A diverse bunch of economists, commentators, free-marketers and even Exxon’s chief think that a carbon tax is better than a cap-and-trade scheme. The argument mostly goes that it is simpler, cheaper to administer, and by providing more certainty over the price of carbon, it gives businesses a stronger incentive to invest in low-emission technologies and infrastructure.
The problem is, the idea of a whole new tax is basically a political ‘third rail’ – and talking about externalities won’t very likely reverse that. But France is planning to introduce a carbon tax anyway. Well, perhaps.
Prime minister Francois Fillon reportedly told Le Figaro that the tax would be introduced at €14 per tonne, which would equate to €0.33 €0.033 per litre of petrol, or between €25 and €75 per year for household heating costs. Fillon insisted it was not a new tax as such, because all the resulting revenue would be handed back to taxpayers in some form.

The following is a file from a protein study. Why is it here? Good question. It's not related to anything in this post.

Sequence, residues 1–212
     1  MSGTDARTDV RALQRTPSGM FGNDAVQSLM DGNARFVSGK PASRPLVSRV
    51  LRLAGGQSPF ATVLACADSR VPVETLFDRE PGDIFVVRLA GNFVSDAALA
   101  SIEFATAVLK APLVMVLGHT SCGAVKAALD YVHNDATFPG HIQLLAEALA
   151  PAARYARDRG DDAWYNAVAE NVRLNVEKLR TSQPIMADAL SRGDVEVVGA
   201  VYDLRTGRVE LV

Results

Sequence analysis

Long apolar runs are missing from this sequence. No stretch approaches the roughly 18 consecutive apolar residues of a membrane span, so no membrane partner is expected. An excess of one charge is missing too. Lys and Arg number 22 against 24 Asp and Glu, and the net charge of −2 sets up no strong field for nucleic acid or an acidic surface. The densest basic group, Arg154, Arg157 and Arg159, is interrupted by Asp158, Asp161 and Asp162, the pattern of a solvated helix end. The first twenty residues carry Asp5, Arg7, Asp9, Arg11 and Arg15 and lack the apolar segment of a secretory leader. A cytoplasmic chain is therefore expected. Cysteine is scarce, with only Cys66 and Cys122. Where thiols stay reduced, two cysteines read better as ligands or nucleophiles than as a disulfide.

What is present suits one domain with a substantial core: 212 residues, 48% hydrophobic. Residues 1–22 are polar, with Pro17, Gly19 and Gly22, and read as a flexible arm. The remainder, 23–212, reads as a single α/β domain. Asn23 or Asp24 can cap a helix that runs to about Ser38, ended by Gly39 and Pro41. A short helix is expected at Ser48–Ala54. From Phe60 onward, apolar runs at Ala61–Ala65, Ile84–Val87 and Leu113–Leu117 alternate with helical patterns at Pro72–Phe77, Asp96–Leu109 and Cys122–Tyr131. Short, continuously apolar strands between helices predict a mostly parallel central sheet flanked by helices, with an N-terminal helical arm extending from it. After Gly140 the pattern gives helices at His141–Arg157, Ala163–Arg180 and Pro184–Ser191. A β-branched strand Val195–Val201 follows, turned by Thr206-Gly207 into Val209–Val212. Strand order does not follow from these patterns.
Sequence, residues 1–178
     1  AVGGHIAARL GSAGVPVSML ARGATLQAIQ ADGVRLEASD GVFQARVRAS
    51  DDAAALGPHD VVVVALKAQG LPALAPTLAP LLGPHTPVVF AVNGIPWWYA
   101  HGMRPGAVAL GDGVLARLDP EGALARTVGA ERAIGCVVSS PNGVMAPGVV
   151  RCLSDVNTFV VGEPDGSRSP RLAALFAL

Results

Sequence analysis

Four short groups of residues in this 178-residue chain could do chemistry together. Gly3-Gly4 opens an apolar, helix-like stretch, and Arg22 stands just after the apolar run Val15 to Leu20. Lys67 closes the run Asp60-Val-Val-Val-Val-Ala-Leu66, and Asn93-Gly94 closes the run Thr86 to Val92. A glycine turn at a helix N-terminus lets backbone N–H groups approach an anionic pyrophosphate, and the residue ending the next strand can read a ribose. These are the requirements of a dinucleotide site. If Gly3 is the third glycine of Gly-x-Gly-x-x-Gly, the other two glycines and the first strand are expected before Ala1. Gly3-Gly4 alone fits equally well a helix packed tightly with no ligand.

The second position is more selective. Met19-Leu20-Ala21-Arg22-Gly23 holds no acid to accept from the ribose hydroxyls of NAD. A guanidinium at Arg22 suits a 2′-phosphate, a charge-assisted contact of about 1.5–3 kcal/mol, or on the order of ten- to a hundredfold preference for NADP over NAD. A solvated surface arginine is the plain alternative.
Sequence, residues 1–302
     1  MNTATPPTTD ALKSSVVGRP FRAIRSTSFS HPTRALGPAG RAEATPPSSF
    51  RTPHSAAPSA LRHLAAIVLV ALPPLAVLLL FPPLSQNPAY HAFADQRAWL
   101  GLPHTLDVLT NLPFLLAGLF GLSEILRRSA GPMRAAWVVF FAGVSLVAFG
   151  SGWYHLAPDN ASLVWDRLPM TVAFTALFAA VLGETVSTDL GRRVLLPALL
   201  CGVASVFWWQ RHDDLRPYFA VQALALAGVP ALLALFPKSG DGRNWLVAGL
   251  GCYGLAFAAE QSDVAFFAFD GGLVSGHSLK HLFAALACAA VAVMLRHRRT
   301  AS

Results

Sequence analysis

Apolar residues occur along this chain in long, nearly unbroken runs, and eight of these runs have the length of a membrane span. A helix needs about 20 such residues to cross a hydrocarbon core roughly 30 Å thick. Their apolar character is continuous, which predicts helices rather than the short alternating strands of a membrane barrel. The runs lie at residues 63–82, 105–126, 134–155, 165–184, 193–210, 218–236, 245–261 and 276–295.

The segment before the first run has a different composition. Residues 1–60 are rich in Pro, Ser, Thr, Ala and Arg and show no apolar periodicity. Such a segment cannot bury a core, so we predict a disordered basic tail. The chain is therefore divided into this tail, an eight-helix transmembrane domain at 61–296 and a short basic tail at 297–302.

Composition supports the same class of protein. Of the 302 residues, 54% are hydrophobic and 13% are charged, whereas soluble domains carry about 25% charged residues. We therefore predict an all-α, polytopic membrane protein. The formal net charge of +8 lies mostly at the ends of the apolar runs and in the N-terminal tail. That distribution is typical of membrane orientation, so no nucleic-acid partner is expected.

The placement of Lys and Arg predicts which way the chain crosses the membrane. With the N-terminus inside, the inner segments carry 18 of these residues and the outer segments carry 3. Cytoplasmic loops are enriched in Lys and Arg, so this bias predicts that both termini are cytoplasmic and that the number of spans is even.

It’s not exactly smooth sailing – a government panel wanted the initial price to be €32, rising to €100 in 2030.
And there might be more backpedalling on the way. Reuters reports that a poll published in France todayo found 74 per cent of respondents opposed the tax. Furthermore, the president was not quite so certain as Mr Fillon:
However, an official quoted President Nicolas Sarkozy as saying a final decision had not yet been made, undercutting his prime minister. Sarkozy met ministers to discuss the issue on
Friday but no details of their discussions emerged.
Another view on cap-and-trade giveaways (FT Energy Source, 28/05/09)
France’s complicated relationship with efficiency (FT Energy Source, 22/07/09)
Cap-and-trade versus everything else (FT Energy Source, 12/06/09)